Microsoft will face a tough path under Elop or
whomever, but those who support the "one Microsoft" plan have to be
encouraged. The question for enterprise customers, of course, is whether
and when the consumer focus will help IT to be more secure and
productive.
Michael Endler
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Michael Endler,
User Rank: Author
9/3/2013 | 4:43:25 PM
re: Microsoft's Nokia Deal, Analyzed
It's a limited license option. Microsoft can continue to use the Nokia brand on all current products, and, for a limited period, on products based on certain feature phone platforms. It might be advantageous in certain markets, for example, for Microsoft to continue leveraging Nokia's name recognition in certain ways. But no future smartphones will use Nokia branding. The Lumia brand will live on-- but it will be Microsoft Lumia. I'll be curious to see if Microsoft juggles multiple smartphone lines--e.g. if there's Surface-branded smartphones AND a Lumia-branded family, or if the flagship Lumia is the de facto Surface equivalent. In any case, we ran an article a while back that described how Windows Phone fans were beginning to feel a little neglected. They must be pretty excited now.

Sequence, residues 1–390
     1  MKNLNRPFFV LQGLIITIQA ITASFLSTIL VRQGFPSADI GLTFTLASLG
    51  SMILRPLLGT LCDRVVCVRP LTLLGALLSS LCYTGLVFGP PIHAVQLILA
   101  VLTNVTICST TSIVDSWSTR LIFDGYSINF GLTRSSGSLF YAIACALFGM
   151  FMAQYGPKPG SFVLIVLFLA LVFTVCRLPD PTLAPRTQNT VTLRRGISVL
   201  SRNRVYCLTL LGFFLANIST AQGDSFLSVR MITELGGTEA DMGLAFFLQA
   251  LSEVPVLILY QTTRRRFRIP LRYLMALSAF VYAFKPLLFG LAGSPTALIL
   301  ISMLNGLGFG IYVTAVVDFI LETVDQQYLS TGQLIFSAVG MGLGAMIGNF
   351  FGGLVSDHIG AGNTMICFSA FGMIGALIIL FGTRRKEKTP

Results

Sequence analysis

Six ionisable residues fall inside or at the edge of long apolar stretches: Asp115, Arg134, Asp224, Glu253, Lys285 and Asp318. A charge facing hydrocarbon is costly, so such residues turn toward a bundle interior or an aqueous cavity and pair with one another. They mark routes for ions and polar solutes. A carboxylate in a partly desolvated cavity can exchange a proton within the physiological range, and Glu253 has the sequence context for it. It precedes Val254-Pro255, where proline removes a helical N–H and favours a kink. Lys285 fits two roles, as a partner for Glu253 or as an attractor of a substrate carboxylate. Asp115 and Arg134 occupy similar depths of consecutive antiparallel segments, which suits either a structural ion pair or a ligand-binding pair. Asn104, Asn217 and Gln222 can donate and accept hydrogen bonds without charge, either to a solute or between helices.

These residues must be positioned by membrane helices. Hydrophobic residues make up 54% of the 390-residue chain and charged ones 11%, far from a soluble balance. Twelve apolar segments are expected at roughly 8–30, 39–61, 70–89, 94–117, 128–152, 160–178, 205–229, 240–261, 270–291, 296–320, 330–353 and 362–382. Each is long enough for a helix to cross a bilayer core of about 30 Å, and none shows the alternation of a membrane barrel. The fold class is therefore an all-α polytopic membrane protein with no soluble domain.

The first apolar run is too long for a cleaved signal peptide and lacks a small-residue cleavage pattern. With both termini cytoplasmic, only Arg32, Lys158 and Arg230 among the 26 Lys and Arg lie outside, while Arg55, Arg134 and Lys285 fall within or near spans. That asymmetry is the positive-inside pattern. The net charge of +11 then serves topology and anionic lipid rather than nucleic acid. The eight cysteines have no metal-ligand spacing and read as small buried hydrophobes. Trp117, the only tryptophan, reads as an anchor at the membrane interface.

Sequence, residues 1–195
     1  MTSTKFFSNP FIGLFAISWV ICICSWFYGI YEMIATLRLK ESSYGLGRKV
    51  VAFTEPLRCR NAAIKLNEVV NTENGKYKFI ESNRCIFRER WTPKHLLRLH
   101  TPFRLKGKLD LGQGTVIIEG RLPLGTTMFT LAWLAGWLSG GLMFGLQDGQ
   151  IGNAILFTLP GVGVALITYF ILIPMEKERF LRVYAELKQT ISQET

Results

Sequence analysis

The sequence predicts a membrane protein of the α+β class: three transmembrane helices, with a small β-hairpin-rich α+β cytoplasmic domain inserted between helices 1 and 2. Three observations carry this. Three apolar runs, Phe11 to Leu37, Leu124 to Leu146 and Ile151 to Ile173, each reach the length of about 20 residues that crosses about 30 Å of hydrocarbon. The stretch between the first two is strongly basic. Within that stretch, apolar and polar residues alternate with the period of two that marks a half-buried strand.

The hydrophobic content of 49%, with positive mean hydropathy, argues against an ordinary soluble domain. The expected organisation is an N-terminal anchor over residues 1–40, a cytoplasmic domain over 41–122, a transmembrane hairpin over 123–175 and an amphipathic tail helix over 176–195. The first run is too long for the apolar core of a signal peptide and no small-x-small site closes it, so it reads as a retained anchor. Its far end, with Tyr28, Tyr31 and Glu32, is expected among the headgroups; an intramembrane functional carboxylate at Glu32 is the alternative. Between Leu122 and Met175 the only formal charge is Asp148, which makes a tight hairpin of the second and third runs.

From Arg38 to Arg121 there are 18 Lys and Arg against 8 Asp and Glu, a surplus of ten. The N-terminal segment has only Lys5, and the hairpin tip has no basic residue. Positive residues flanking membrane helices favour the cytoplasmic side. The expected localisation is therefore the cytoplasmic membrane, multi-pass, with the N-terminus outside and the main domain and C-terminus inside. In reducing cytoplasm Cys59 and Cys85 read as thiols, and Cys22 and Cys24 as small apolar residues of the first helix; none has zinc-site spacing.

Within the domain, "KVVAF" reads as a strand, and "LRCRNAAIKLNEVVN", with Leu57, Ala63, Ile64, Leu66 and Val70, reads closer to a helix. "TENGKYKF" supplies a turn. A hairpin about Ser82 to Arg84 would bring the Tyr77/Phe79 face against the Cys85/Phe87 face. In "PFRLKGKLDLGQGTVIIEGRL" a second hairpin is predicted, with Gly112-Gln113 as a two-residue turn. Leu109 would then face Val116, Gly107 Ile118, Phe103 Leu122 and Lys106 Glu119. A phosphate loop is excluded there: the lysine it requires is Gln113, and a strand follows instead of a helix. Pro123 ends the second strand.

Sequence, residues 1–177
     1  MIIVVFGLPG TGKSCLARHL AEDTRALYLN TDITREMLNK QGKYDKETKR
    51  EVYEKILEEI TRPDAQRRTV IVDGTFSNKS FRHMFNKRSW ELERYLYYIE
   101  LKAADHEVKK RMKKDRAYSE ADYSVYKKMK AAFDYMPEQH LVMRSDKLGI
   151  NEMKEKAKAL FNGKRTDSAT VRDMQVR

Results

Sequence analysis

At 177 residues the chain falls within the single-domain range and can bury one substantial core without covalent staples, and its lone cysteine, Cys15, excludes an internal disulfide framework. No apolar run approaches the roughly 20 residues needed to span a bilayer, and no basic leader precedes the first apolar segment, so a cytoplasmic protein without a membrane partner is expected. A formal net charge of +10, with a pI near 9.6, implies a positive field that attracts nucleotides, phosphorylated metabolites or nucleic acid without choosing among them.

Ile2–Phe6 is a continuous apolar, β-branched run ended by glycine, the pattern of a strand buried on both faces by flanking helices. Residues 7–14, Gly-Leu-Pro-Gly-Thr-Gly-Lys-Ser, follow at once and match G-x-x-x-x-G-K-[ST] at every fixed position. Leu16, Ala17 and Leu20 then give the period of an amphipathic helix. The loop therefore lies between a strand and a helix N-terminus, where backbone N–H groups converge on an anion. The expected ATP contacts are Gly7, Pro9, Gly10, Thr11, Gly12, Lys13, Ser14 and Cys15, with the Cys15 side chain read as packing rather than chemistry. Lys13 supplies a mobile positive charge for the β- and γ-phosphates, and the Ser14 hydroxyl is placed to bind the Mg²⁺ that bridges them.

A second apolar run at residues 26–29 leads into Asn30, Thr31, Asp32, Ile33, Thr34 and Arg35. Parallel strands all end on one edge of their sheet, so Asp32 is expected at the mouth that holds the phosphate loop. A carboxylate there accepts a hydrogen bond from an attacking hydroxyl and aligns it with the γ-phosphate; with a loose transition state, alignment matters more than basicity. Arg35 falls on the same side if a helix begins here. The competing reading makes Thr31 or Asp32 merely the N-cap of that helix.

Michael Endler
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Michael Endler,
User Rank: Author
9/3/2013 | 3:16:45 PM
re: Microsoft's Nokia Deal, Analyzed